Tuesday, October 23, 2007

Turkey as a Regional Power

October 23, 2007 20 30 GMT
By George Friedman
If Turkey is on its way to become a regional power as the article below says, it is more important for the world to stand up to the Turkish denial of the Armenian genocide. Turkey will only seek stability through domination. It already knows which ropes to pull to get its own way. America was largely behind making Turkey what it is today. America is now reduced to begging Turkey to keep the regional stability. What a reversal in fortunes this is. And this is just the beginning. If this is not a wake up call for America I do not know what is.
[...]it is difficult to imagine that the Turks won't move into northern Iraq and re-establish the sphere of influence and security they had during the Saddam Hussein era. The United States is working furiously to satisfy Turkey by taking responsibility for controlling the PKK. It is not clear whether the United States can deliver, nor is it clear whether the Turks are prepared to rely on the United States. Some move into Iraq is likely, in our mind, but even if it doesn't happen in this particular case, tensions between Turkey and the United States will remain. More important, Turkey's willingness to play a secondary role in the region is declining.

[...] the Turks did not want a rupture with the United States -- given that the relationship has been the foundation of Turkish foreign policy since World War II. The refusal of the European Union to admit Turkey in particular made it necessary for Ankara to preserve its relationship with Washington. Therefore, although the invasion was problematic for the Turks, they have cooperated with the United States, allowing a large portion of the supplies for U.S. troops in Iraq to come through Turkey.

[...] Turkey's perception is that it already is dealing with the post-war world, one in which an increasingly bold Iraqi Kurdistan is pursuing a policy of expanding Kurdish autonomy by facilitating a guerrilla war in Turkey. The PKK's actions in recent weeks confirm this view in their mind. They also believe they cannot deal with the Kurdish challenge defensively, and therefore they must defend by attacking. Hence, the creation of a security zone in Iraq.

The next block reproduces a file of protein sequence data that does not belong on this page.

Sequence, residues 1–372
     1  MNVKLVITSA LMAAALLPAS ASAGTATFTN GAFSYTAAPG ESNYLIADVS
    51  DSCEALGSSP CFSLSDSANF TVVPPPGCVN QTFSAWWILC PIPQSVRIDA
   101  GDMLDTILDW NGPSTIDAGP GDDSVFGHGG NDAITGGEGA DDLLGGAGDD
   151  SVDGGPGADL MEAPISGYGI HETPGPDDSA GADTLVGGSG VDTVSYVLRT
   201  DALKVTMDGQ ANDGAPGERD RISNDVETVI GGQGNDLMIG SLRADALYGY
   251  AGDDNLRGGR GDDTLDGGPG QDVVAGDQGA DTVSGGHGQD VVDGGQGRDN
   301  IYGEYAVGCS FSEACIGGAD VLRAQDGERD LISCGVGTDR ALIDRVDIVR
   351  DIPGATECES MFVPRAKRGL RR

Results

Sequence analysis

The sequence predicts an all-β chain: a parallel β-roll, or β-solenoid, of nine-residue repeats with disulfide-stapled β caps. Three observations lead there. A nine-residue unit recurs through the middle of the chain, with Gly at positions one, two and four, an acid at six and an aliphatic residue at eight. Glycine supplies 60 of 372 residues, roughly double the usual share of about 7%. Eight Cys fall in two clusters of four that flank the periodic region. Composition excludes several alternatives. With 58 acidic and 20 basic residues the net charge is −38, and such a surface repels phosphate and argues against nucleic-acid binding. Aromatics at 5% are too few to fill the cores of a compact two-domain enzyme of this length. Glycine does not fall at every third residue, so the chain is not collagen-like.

From the Kurds' point of view, if there ever was a moment to assert their national rights, this is it. However, their highly risky gamble is that the United States will not chance an anti-American uprising in Iraq's Kurdish areas and so will limit the extent to which Turkey can intervene. Moreover, with the United States at odds with Iran, it might support a Kurdish uprising there. Hence, though the stakes are high, the Kurdish gamble is not irrational.

The Kurds in Iraq are correct in their view that the United States does not want conflict in the one area in Iraq that is not anti-American. They also are correct that this is a unique moment for them. But they are betting that the Turks don't recognize the danger and thus will place their interests second to those of the United States -- which is more concerned with stability in Iraqi Kurdistan than with suppressing attacks in Turkey's Kurdish areas. Although this might have been true of Turkey 10 years ago, it no longer is true today. The U.S.-Turkish relationship has flipped. The United States needs Turkey more than Turkey needs the United States -- for reasons beyond getting supplies to Iraq.

[...] Turkey and Iran have a common interest in preventing an independent Kurdish nation anywhere, the more the United States supports the Iraqi Kurds, the greater the danger of an Iranian-Turkish alliance. At the moment, that is the last thing the United States wants to see, which is why the resolution on Turkish responsibility for Armenian genocide in the U.S. Congress could not possibly have come at a worse moment.

[...] Turkey is the heir to the Ottoman Empire, which at various points dominated the eastern Mediterranean, North Africa, the Arabian Peninsula, the Caucasus and deep into Russia. Its collapse after World War I created an oddity -- an inward-looking state in Asia Minor. Cautious in World War II and strictly aligned with the United States during the Cold War, Turkey played a passive role: It either sat things out or allowed its strategic territory to be used.

The situation has changed dramatically. [...] Turkey should be viewed as a rapidly emerging regional power -- or, in the broadest sense, as beginning the process of recreating a regional hegemon of enormous strategic power, based in Asia Minor but projecting political, economic and military forces in a full circle. Its willingness to rely on the United States to guarantee its national security ended in 2003. It is prepared to cooperate with the United States on issues of mutual interest, but not as a subordinate power.


Its current stance on the Kurdish issue is merely a first step. What makes that position important is that Turkey is pursuing its interests indifferent to European or American views. Additionally, the reversal of dependency between the United States and Turkey is ultimately more important than whether Turkey goes into Iraq. The U.S. invasion of Iraq kicked off many processes in the world and created many windows of opportunity. Watching Turkey make its moves, we wonder less about the direction it is going than about the limits of its ambition.

Note: Above are excerpts from the article. The full article appears here. Clarifications and comments by me are contained in {}. Deletions are marked by [...]. The bold emphasis is mine.



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